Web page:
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While the rate of inflation has been held in check since the onset of the recession five years ago, it has run amuck in one important segment of the economy, higher education. It seems these costs are increasing even more rapidly than the need for a better educated citizenry.
We were reminded of this sad fact of American life earlier this month when a draft legislative report, comparing the cost of attending the University of Connecticut with the flagship universities in the other 49 states, found that UConn compares favorably, but only because Connecticut is wealthier than most states. It also found costs at UConn are increasing at four or five times that inflation rate.
"UConn's affordability is relatively favorable because its prices are viewed in the context of the state's higher income levels," the report concluded.
But State Sen. John Kissel, co-chair of the Program Review and Investigations Committee, suggested that if you take out lower Fairfield County, where the money is, you'll see an entirely different outcome. Sen. Kissel is from Enfield, on the northern border, far from the rich southwest corner.
The senator asked the writers of the report to thoroughly investigate why the cost of a college education has so grievously outstripped the rate of inflation. So far, they've determined competition has been a major source, causing dramatic increases in marketing and other administrative expenses.
UConn became an object of derision for out of whack administrative costs a couple of years ago when it was revealed the university's chief public safety officer was paid more than New York City's police commissioner. His successor was hired for $164,000 or $83,000 less than his predecessor's $247,000 salary, thanks, at least in part, to news reports on the pay of the top cop in rural Storrs and his counterpart on the island of Manhattan. As to advertising expenses, ask any parent of a high school senior about the slick, unsolicited ads that arrive regularly in the mail.
UConn President Susan Herbst, as is her duty, painted a rosier scenario to Sen. Kissel's committee when she asked if UConn is "accessible, affordable and a good value to students" and replied, "by every measure, the answer is a resounding yes."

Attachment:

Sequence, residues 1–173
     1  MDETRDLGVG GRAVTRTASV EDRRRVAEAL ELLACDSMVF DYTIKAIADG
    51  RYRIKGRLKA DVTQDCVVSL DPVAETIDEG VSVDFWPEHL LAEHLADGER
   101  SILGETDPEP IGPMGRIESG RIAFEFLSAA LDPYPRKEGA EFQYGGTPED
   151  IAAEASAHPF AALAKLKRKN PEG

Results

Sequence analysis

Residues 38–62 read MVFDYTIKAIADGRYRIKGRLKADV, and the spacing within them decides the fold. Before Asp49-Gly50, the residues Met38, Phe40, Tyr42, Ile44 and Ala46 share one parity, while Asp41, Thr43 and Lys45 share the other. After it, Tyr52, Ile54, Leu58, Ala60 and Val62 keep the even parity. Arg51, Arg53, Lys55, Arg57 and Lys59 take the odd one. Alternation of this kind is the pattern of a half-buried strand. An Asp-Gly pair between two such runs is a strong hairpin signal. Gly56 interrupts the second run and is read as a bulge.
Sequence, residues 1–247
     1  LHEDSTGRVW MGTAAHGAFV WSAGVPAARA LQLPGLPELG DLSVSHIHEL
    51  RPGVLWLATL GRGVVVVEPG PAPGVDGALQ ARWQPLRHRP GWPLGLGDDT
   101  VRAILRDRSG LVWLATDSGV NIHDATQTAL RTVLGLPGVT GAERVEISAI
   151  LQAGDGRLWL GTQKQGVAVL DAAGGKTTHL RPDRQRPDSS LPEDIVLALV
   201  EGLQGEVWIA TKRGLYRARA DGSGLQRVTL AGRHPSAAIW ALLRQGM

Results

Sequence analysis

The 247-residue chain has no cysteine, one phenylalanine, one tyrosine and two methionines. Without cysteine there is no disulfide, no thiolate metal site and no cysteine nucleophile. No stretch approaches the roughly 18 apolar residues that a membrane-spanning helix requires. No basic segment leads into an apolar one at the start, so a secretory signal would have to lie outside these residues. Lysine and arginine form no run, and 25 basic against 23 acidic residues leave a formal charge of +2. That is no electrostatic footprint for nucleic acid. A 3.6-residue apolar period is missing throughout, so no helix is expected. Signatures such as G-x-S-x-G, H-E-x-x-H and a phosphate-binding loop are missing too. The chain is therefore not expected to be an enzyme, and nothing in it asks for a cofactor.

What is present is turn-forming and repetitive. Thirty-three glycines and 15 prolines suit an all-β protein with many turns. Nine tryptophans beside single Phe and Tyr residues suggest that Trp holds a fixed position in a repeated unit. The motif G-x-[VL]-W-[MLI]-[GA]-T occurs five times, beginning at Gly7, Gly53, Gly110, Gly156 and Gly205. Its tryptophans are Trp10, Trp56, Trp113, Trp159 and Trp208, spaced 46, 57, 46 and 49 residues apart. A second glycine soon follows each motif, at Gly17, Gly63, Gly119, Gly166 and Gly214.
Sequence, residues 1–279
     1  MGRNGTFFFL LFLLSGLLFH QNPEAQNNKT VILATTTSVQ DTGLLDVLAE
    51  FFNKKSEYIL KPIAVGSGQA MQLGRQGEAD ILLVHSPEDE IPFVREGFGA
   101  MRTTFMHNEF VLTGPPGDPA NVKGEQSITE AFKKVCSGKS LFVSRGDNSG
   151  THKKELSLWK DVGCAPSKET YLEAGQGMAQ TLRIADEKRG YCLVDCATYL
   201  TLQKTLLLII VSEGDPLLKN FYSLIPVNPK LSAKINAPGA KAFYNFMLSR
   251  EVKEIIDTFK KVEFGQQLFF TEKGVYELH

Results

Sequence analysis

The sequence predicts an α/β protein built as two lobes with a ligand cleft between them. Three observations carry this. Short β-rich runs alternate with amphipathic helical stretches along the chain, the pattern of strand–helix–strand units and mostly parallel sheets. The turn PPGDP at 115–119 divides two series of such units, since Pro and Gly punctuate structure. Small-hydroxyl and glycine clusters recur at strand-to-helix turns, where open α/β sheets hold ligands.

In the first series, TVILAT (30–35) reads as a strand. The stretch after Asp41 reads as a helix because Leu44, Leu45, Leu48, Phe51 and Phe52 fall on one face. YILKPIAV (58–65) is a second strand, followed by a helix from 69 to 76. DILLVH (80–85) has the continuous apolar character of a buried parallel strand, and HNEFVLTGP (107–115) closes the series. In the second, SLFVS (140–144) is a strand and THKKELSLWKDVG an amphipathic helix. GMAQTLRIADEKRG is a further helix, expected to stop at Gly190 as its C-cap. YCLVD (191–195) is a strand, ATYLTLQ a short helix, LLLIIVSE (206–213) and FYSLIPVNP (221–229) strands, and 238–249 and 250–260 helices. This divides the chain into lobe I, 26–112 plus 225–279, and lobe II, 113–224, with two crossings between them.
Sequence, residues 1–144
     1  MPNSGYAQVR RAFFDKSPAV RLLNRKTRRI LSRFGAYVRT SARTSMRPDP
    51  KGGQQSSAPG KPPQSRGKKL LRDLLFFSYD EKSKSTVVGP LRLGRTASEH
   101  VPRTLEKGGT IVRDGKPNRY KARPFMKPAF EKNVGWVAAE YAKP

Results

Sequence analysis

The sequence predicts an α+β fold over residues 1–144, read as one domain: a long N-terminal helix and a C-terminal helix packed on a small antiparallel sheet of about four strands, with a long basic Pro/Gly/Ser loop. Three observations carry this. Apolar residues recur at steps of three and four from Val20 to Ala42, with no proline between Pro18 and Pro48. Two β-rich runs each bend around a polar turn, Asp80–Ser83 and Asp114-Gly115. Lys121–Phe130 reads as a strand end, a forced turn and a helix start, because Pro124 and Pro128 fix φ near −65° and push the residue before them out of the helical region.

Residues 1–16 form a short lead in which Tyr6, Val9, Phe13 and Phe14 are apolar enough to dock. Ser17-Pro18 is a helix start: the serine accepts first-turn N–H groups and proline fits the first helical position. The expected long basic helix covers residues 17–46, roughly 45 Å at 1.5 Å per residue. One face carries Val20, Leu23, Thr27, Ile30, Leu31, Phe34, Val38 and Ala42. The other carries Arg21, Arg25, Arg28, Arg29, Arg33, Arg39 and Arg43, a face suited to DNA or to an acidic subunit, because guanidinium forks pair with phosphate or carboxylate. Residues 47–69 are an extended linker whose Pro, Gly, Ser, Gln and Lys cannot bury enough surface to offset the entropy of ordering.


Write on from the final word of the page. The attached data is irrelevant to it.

However, one measure that comes to mind with a resounding "no"is a 15 percent increase in the university's tuition rate in the past three years while the inflation rate has been under 3 percent in the same period.
So, what's to be done beyond seemingly futile requests that the institutions of higher learning practice more discipline and fiscal restraint?
President Obama to wants tie higher education grants to the ability of the institution to control costs but so far, it has been met with the same enthusiasm by his congressional opponents as any of the president's ideas, regardless of merit. This one especially deserves more than knee-jerk opposition because it addresses the future prosperity of the nation, something we once believed was of concern to both parties.
In his last two State of the Union addresses, President Obama put the colleges on notice that if tuition doesn't stop rising faster than inflation, taxpayer financing would drop and in this year's address, he asked Congress to consider affordability before awarding federal aid. In August, he proposed rating colleges on specifics like tuition, graduation rates, student debt and earnings of graduates and the percentage of lower-income students at the college.
To say that the colleges have asked for these proposals is to understate their seeming indifference to ever increasing costs. The New York Times reported in August that the president's remedial action was "likely to cause some consternation among colleges."
That's a good start.